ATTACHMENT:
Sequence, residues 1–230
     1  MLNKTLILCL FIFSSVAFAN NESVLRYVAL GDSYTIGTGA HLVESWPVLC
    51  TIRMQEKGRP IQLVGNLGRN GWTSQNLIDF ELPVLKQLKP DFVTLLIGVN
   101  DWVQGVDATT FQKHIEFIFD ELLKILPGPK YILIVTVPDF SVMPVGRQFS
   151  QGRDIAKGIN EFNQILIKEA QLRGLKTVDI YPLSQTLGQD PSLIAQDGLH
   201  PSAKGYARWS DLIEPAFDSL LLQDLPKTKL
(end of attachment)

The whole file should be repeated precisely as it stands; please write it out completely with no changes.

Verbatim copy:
Sequence, residues 1–230
     1  MLNKTLILCL FIFSSVAFAN NESVLRYVAL GDSYTIGTGA HLVESWPVLC
    51  TIRMQEKGRP IQLVGNLGRN GWTSQNLIDF ELPVLKQLKP DFVTLLIGVN
   101  DWVQGVDATT FQKHIEFIFD ELLKILPGPK YILIVTVPDF SVMPVGRQFS
   151  QGRDIAKGIN EFNQILIKEA QLRGLKTVDI YPLSQTLGQD PSLIAQDGLH
   201  PSAKGYARWS DLIEPAFDSL LLQDLPKTKL